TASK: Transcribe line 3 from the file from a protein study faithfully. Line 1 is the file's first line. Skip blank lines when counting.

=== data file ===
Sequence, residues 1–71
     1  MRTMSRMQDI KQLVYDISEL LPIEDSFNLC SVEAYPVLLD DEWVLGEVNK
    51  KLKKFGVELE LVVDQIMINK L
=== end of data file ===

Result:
    51  KLKKFGVELE LVVDQIMINK L